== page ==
Bexar County hit a dubious record on Wednesday with 92 coronavirus-positive patients hospitalized, Mayor Ron Nirenberg said. The previous record for the county was 91 patients hospitalized on April 6.

“We don’t like to see increases in our hospitals,” he said. “But if you look at the indicators as you mentioned, and you look underneath the raw numbers, what you will find is that we’re still in good shape.”

Though the hospitalization rate has been increasing gradually, the doubling rate – meaning the amount of time it takes for the number of new coronavirus cases to double – is 36 days. Earlier in May, the doubling rate was 28 days; both are improvements from the average doubling rate of three days when the coronavirus started spreading in the San Antonio community. Also, the positivity rate of coronavirus tests has declined. Health officials monitor warning and progress indicators in “totality,” said Anita Kurian, assistant director at the San Antonio Metropolitan Health District.

The increased hospitalization numbers “could be multifactorial,” Kurian said. “We haven’t taken a deep dive into it.”

The number of patients hospitalized for COVID-19 serves as a reminder of what the goal with the coronavirus pandemic has been all along: flattening the curve, Kurian said.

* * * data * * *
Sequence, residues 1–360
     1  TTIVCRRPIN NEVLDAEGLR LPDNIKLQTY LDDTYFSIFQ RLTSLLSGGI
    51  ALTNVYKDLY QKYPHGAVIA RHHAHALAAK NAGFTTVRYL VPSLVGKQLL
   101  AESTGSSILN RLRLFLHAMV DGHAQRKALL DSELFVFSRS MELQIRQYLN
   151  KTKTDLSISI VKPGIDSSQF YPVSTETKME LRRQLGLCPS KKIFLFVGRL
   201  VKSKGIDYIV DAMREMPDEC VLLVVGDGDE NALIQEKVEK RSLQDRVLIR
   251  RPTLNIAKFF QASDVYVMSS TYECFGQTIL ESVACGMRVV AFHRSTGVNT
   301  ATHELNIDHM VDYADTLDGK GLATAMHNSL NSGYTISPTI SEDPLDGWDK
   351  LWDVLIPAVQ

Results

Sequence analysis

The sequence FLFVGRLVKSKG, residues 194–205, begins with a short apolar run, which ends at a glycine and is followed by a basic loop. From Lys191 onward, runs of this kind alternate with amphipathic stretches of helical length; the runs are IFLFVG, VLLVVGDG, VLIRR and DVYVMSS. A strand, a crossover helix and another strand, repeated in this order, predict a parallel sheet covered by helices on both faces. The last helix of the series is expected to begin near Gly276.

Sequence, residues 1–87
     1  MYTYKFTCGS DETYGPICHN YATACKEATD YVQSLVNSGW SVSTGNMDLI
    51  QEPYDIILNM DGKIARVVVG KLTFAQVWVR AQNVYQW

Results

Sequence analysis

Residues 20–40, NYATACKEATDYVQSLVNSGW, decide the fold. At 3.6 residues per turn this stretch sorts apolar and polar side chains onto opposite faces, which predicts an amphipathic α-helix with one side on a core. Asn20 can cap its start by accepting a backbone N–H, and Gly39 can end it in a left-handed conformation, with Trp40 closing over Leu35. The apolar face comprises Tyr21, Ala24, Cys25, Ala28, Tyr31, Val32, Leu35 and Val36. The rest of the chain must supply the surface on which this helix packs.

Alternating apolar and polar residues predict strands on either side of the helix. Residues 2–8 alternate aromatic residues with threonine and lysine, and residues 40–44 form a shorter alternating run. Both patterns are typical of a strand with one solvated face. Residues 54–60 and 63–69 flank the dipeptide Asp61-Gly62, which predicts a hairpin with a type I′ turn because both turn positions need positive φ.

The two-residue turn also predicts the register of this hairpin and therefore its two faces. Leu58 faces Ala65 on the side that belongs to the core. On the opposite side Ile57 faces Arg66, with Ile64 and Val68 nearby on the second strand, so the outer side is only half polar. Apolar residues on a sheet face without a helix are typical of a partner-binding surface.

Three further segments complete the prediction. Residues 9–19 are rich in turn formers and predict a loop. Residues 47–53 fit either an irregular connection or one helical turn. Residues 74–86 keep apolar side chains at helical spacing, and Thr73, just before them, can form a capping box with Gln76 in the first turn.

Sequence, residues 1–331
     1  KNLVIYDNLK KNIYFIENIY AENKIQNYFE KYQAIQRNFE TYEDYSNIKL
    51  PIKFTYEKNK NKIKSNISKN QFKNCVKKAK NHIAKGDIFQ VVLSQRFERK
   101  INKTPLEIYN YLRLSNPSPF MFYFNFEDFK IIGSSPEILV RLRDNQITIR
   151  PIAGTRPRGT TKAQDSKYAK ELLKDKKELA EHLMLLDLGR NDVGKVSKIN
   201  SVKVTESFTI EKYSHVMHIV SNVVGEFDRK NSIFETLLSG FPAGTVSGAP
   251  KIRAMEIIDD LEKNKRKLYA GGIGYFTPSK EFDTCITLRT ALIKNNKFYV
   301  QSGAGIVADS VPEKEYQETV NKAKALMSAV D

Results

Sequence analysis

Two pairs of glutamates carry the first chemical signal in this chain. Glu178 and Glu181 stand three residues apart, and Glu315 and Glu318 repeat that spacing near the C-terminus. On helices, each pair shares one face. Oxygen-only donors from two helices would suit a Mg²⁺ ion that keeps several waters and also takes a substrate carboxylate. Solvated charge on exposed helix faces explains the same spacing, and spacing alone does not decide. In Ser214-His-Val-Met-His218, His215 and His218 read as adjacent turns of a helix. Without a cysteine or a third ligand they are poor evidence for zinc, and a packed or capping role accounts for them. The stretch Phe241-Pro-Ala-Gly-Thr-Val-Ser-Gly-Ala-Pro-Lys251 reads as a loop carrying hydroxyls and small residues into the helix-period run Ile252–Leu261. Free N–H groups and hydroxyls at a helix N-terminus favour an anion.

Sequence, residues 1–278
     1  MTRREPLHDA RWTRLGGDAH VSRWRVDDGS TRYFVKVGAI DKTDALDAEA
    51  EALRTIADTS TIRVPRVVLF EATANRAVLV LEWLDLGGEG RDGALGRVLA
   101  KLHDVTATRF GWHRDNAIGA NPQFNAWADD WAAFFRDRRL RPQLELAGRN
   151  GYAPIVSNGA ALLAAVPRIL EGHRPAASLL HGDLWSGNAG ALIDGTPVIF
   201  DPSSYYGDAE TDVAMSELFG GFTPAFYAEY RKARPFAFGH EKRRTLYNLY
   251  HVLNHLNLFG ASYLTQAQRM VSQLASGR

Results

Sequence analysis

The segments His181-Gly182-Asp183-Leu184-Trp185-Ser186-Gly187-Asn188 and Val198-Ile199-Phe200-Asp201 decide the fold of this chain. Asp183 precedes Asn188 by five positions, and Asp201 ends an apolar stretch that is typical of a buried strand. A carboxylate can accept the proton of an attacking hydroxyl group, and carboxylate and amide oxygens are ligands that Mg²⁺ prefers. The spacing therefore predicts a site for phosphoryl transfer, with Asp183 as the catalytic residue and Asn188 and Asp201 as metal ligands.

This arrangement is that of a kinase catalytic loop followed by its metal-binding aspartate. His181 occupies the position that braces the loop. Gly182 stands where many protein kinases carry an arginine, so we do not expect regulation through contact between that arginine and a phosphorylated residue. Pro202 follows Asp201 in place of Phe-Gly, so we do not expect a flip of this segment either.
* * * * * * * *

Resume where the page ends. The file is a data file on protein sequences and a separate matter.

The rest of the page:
“This may be the new normal that we have to expect and learn to accept,” she said. “This COVID-19 is here to stay. It is communitywide. It is endemic here. This may be another infectious disease that we have to learn to live with.”

Bexar County also is one of the top-five most populous counties in Texas with the lowest number of coronavirus cases per capita and lowest number of deaths, Bexar County Judge Nelson Wolff said. As of Tuesday, Tarrant County had 144 deaths, Travis County had 85 deaths, Dallas County had 211 deaths, and Harris County had 221 deaths. With one new death reported Wednesday, Bexar County had 70.

“We are doing good,” Wolff said. “But if we move around more – and today, on the South Side I saw traffic was normal as it was before this started … we just have to be careful out there and let’s not take a chance.”

Nirenberg credited the San Antonio area’s lower statistics to “early and aggressive action” to avoid a high peak in hospitalizations and deaths. 

“The work is not over,” he said. “It’s still out there. If we take our eye off the ball, we will see a peak. That’s why we’re reminding folks again to listen to the health guidance … wear masks, maintain your physical distancing.”

The county reported 2,525 total cases of coronavirus on Wednesday, an increase of 45 since Tuesday. Thirty-nine patients are in intensive care and 19 are on ventilators. A man in his 90s with underlying conditions died at the Christus Santa Rosa hospital in the Medical Center, Nirenberg said.

Walk-up testing sites open Thursday at San Antonio College at 1819 N. Main Ave. and Highlands High School at 3118 Elgin Ave. The sites will operate from 10 a.m. to 2 p.m. Thursday through Saturday and are free and open to the public.

Jackie Wang

Jackie Wang is the local government reporter at the San Antonio Report.